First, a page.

With more than 1,500 federal projects certified, the LEED rating system has a great track record in improving the efficiency and sustainability of buildings across federal agencies. USGBC looks forward to continuing its work with the federal government to enhance its leadership with LEED.

Bryan Howard

Legislative Director

Global market watch: Mexico—A rising leader in green building and sustainability

Published on 20 Aug 2015Written by Nicolette Mueller Posted in LEED

Mexico City: It’s a place famous for its pre-Colombian civilizations, its cuisine and culture, and as the megacity once ranked as the #1 most polluted city in the world.

Today the city is a rising leader in sustainability and urban innovation, with aggressive work to decrease pollution, promote public health and wellness, and the highest concentration of LEED buildings in Mexico. Of course, the cities of Zapopan, Monterrey, Guadalajara and Queretaro are not far behind in the race to be the national leader in green building, and these cities have helped to make Mexico the largest market for green building in the Spanish-speaking world.

This year marks the ten-year anniversary of the very first LEED certified project in a market that continues to set the pace for Latin America. Mexico’s first LEED AP and first LEED Fellow, Cesar Ulises Trevino, and his company BEA can now claim to be the first LEED v4 project (Platinum certified, no less) for Mexico. Mexico is also setting trends when it comes to health and wellness. The WELL Building Standard, the first building standard to focus on human health and well-being which launched in October 2014, is making inroads in Mexico as the first projects begin pursuing WELL Certification in the region. Going for LEED certification is important for achieving the best possible outcomes for environmental sustainability, and WELL maximizes the potential for supporting human health and wellness.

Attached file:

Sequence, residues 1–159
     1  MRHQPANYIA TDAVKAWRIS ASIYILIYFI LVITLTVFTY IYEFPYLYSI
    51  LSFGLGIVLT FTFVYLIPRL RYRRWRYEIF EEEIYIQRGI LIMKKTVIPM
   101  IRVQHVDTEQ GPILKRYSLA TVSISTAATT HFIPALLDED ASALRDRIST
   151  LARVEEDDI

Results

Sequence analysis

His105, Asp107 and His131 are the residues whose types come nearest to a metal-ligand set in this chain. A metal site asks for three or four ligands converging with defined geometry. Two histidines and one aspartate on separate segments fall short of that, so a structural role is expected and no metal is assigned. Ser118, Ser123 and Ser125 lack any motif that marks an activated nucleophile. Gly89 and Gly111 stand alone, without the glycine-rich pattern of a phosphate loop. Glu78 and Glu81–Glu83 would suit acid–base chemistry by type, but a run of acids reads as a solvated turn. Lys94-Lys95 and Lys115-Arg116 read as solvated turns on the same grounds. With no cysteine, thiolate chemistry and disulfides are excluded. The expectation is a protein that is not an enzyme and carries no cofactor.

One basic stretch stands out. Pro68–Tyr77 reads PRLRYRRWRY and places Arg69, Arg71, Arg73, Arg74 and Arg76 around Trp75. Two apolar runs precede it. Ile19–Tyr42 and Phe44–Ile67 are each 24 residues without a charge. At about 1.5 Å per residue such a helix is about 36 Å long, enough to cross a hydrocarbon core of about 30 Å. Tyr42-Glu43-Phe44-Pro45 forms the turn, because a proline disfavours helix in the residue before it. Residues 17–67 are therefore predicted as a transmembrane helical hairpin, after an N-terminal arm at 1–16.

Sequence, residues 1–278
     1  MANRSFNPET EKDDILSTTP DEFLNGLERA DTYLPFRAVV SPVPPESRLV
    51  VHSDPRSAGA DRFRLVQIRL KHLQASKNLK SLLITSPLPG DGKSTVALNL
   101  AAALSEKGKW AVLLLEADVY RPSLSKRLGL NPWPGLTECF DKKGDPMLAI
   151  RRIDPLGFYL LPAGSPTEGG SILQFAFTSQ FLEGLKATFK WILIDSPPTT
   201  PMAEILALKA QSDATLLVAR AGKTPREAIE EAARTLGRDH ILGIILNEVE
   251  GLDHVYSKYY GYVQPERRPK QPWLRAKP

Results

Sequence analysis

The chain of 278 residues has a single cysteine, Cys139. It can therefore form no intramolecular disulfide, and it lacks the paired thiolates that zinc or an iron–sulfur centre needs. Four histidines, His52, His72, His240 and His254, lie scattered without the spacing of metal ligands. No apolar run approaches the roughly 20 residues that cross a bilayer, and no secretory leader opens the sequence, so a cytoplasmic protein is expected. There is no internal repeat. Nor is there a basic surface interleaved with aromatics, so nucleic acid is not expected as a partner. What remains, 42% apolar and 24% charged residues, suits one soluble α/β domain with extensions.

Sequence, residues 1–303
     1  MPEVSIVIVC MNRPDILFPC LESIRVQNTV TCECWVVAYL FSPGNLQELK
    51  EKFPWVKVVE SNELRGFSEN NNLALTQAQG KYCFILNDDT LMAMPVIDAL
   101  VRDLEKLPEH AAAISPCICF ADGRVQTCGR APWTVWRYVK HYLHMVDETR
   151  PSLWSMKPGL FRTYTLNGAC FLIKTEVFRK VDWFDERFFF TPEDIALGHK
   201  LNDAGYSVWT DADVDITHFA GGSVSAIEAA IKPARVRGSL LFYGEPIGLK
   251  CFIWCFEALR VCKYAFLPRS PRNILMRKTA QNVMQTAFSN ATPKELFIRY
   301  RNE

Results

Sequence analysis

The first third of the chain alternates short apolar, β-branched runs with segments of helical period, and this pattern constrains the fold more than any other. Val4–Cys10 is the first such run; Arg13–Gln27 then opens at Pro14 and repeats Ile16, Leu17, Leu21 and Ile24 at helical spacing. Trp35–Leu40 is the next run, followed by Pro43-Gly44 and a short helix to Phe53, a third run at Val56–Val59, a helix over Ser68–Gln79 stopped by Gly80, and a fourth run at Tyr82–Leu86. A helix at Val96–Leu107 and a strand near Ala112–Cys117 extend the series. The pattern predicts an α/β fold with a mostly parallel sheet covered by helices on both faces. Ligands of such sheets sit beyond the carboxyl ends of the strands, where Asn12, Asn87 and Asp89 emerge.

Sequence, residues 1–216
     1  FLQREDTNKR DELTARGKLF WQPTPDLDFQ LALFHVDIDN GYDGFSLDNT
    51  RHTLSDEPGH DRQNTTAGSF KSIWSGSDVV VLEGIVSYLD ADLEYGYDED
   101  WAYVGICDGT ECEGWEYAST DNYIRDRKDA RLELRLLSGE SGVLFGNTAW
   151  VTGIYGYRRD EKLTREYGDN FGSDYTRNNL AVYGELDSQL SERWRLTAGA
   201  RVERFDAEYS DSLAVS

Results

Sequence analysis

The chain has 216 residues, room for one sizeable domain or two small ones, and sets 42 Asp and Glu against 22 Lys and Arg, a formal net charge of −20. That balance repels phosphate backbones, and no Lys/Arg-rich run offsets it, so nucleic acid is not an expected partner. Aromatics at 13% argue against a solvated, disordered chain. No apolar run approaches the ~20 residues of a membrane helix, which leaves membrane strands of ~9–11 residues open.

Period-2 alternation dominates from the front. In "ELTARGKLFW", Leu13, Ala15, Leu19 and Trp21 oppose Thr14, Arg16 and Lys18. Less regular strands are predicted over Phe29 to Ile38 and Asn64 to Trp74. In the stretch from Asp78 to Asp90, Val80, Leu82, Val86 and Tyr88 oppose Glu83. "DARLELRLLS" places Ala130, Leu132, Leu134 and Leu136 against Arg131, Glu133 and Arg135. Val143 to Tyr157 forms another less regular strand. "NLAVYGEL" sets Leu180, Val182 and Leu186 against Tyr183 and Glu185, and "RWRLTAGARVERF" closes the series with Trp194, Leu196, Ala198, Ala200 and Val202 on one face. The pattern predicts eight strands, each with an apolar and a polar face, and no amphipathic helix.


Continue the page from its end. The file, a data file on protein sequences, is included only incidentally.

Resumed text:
Privately owned Mexican companies are also ramping up their commitment to LEED and green building.Alejandro Bátiz of CIVITA, another leading green building consulting firm in Mexico, noted that a wide range of companies are expressing interest in owning and operating a LEED building, from small, family owned and operated child care centers to university campuses and family-owned conglomerates.

It’s a trend confirmed by Cushman & Wakefield’s Africa Rubio, whose growing team of sustainability professionals in Mexico City are responding to inquiries from the hospitality and retail sectors. Both sectors are predicted to be major areas of growth for the new construction and retrofit markets, as Mexico becomes the new headquarters for global business.

Thanks to the efforts of public and private sector leaders who are committed to a greener, more sustainable future for their country, Mexico is becoming a world leader in sustainable building.  It’s a global market to watch, and one that will surely continue to raise the bar for LEED and green building in the Americas.

 Nicolette Mueller

Director, Global Market Development – Latin American Region U.S. Green Building Council

Member employees, USGBC staff

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LEED Certification

The U.S. Green Building Council (USGBC) is a non profit organization that certifies sustainable businesses, homes, hospitals, schools, and neighborhoods. USGBC is dedicated to expanding green building practices and education, and its LEED® (Leadership in Energy and Environmental Design) Green Building Rating System™.

Chemline, Inc. is a member of The U.S. Green Building Council (USGBC) and has the potential to provide LEED points.